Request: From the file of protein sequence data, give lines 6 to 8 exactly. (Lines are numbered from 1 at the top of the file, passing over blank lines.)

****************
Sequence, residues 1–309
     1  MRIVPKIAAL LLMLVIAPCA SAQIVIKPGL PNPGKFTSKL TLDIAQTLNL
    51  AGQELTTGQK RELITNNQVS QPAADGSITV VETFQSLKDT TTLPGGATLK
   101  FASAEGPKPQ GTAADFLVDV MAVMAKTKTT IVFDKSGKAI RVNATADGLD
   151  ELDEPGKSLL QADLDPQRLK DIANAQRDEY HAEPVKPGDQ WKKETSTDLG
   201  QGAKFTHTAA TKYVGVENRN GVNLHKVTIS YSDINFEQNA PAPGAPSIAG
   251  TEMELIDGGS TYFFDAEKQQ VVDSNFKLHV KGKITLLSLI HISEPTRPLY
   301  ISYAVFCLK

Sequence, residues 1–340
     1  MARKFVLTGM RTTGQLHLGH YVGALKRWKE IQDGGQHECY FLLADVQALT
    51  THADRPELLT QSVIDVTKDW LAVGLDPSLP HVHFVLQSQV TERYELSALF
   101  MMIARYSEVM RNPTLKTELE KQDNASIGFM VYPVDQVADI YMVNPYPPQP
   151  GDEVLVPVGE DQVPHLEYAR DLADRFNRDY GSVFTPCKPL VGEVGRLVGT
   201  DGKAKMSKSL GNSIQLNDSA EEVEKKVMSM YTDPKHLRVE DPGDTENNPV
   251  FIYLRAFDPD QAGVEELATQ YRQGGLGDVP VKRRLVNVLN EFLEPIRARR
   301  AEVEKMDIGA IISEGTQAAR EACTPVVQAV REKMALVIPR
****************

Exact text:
   201  QGAKFTHTAA TKYVGVENRN GVNLHKVTIS YSDINFEQNA PAPGAPSIAG
   251  TEMELIDGGS TYFFDAEKQQ VVDSNFKLHV KGKITLLSLI HISEPTRPLY
   301  ISYAVFCLK